Wednesday, August 12, 2015


Q: David...what made you become a writer?

A: Well, I have all those voices in my head, so it was either seek psychological help or become a writer…But seriously, a lot of writers will understand if I answer that question by saying I simply had no choice in the matter. Writing was something I knew I needed to do starting from when I was a child. When I went to college, I majored in journalism because it seemed like the most practical way to get someone to pay me to do something I loved. Working as a public relations director, writing still plays a critical role in my life. It is not as fulfilling as my creative writing, though. Suffice it to say I feel incomplete if I don’t have some sort of writing project in the pipeline.

Q: What is your typical writing day like?

A: I wish I could say I had a “typical” day or a writing routine. There is no fixed time or place for me. The reality is that life is hectic, so I have to make time to write when and where I can. I squeeze in an hour or two at night before bed. I take my laptop with me on my lunch hour or when I know I’ll be sitting in the doctor’s waiting room. When the weather is nice on weekends, I can usually find a few hours on the patio. I usually start by reading what I wrote during my last session. For me, this is like warming up a car’s engine on a cold morning. It kick-starts my brain so it’s able to start writing at an appropriate tempo. I avoid editing during this time, especially when I’m getting my first draft down. Otherwise, I would get mired in refining what I’ve written and would never finish the story!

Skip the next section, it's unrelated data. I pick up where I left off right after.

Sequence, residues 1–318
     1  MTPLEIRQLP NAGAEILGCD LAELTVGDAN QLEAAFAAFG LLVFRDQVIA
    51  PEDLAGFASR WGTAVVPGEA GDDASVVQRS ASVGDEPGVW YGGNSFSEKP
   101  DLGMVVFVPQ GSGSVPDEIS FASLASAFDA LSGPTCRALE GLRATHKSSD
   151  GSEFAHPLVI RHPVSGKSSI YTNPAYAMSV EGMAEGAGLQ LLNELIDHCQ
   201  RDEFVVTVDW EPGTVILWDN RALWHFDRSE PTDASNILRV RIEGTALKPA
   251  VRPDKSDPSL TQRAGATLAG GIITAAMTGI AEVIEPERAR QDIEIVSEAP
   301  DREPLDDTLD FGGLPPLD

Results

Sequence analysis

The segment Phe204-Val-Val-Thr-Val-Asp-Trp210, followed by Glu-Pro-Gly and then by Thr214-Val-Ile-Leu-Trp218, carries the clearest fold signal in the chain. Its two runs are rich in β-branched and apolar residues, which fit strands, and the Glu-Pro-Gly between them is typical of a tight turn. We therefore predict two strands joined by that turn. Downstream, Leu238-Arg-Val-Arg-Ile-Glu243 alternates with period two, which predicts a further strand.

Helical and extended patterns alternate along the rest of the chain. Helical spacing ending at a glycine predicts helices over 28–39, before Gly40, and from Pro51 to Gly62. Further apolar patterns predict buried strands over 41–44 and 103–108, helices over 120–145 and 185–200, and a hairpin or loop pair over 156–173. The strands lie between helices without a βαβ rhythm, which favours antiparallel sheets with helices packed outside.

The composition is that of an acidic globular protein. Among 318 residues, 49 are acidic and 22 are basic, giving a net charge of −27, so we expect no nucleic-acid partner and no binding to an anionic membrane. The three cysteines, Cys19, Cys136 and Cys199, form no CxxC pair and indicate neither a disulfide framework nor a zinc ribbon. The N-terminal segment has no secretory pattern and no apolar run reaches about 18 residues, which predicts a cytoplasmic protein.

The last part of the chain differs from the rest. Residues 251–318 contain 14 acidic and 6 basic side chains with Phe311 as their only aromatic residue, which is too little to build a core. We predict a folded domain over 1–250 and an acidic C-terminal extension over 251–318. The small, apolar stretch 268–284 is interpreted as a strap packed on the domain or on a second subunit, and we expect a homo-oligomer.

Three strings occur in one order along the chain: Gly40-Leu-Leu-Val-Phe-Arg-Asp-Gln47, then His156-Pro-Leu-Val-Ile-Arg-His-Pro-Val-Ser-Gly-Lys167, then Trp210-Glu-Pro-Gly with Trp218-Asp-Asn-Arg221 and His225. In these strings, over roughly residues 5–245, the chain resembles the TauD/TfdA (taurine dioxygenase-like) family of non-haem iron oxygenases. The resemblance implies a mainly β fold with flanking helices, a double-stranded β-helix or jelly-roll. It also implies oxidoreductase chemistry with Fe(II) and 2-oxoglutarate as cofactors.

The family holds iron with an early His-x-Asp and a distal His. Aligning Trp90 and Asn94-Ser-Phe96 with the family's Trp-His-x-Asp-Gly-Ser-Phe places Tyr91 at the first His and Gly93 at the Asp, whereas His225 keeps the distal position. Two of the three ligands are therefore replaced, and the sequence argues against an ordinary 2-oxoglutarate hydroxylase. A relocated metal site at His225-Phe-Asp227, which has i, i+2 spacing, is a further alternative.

Q: Do you outline? If so, how extensive are your outlines?

A: Writing something as complex as a novel is similar to taking a cross-country road trip. If you don’t have a map, you’ll wind up somewhere eventually. You’ll even have some interesting experiences along the way. But getting to a desirable destination without GPS takes much longer than necessary, and you’re going to get lost several times along the way. The more I write, the more I see the benefits of outlining longer projects. My outlines are basic – usually just 50 to 100 words per chapter. But I find having an outline keeps the project from stalling, helps me avoid writer’s block and – this is critical – makes it much easier to pick up a project if I’m forced to set it aside for a month or two. Having an outline for the whole project also makes it easier for me to find subtle connections elements of plot, character, symbolism and theme. Outlining helps me be intentional with my writing, but I’m still constantly surprised by things my characters do, themes that pop up as I craft my novel, and directions my stories take. I have heard writers say outlining takes away their own spontaneity and discovery. I don’t find that to be the case because I view my outline as a guide, not a bible. I can always take a detour if I find inspiration during the actual writing.

Q: How many revisions will you typically do on a novel?

A: Frankly, I lose count. I cringe at writers who don’t understand the adage that “writing is rewriting.” Yes, writing is more fun than editing. Editing is hard work, but that work shows in your product. With An Exquisite Darkness, I probably did a dozen major edits and rewrites on my own before I turned the story loose on my beta readers. I did a couple revisions after those readers gave me feedback, and another revision after I signed with an agent. When my agent did not find a publisher interested in my novel, I did yet another revision prior to self-publishing. In this final rewrite I reverted some of the changes my agent had requested back to my original version. I decided that if I were going to go indie, it would be with the story I wanted to tell and the way I wanted to tell it.